2021 Themed Reading: World Religions
As you might know, every year I try to read a substantial number of works from within a particular genre, category, or what have you. This year, for example, I focused a lot of my attention on Southeast Asian literature and on poetry (often a combination of those two). Next year, I will be focusing on world religions. I have chosen 6 texts in particular that I plan to explore, and I would love to invite you all to join me in a read-along for one or more, or all, of them, as your interest and schedule dictate.
- JANUARY: TAO TE CHING: This Chinese text is known as “the original book of mindfulness.” What better way to begin a new year than to focus on being mindful and present? The Tao Te Ching dates back to the 6th-Century BC and is purportedly written by a sage named Laozi, though this is debated. The oldest dated portion, however, does indeed date back as far as the 4th century BC. The Tao is one of the fundamental texts of Taoism, which is both a religious and philosophical practice that focuses on “The Way,” or the essential process of the universe (and our individual place in it.) Taoism influenced Legalism, Confucianism, and Buddhism, so it seems an added bonus to start here, since the second text of the year will be a collection of Buddhist Scriptures. I will be reading Stephen Mitchell’s translation, New English Version, published by Harper Perennial. ISBN: 9780061142666.
- FEBRUARY-APRIL: BUDDHIST SCRIPTURES: Buddhism has no central text comparable to the Bible or Koran; however, there is a body of scripture from across Asia that encompasses the dharma, or the teachings of the Buddha. These teachings range from original works in Sanskrit, Chinese, Japanese, Tibetan, Pali, and more. Often, they describe elements of the Buddha’s supposed origin story or of his past lives, including explorations on the qualities or qualifications of the bodhisattva, or person who attains enlightenment, including, for example Buddhist monks. Enlightenment itself is also a subject of the scriptures. The edition I’ve chosen is the Penguin Classics, edited by Donald S. Lopez. It covers all these topics through historical and geographical lenses. ISBN: 9780140447583.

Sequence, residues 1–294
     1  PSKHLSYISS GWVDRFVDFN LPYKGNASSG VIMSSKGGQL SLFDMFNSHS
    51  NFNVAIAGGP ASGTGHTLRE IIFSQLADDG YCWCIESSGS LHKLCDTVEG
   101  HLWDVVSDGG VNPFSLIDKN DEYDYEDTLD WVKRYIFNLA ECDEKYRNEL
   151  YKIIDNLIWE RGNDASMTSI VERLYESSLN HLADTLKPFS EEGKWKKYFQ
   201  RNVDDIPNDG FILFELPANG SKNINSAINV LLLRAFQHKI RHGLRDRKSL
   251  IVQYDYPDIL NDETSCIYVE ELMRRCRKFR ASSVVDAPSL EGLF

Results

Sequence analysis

- MAY: THE HOLY VEDAS: According to Pandit Satyakam Vidyalankar, “The four Vedas contain the divine, infallible knowledge revealed to those primal men whose soul was specially illuminated to by the grace of god to receive and impart humanity the words of almighty god.” The Vedas of Hinduism are the sacred heritage of India. In this book an attempt has been made to bring together representative hymns which encompass all the aspects enshrined in the Vedas. The author has tried to retain the spirit of the original Sanskrit mantras in English renderings and to impart some of the holy ambience of these sacred texts which are the fountainhead of Hindu philosophy and culture.” I am using the illustrated, versified edition from Clarion books, which I recognize is not directly translated and which, apparently, intermixes the four Vedas for the benefit of western audiences. It seems a good place to start. ISBN: 9788193935590.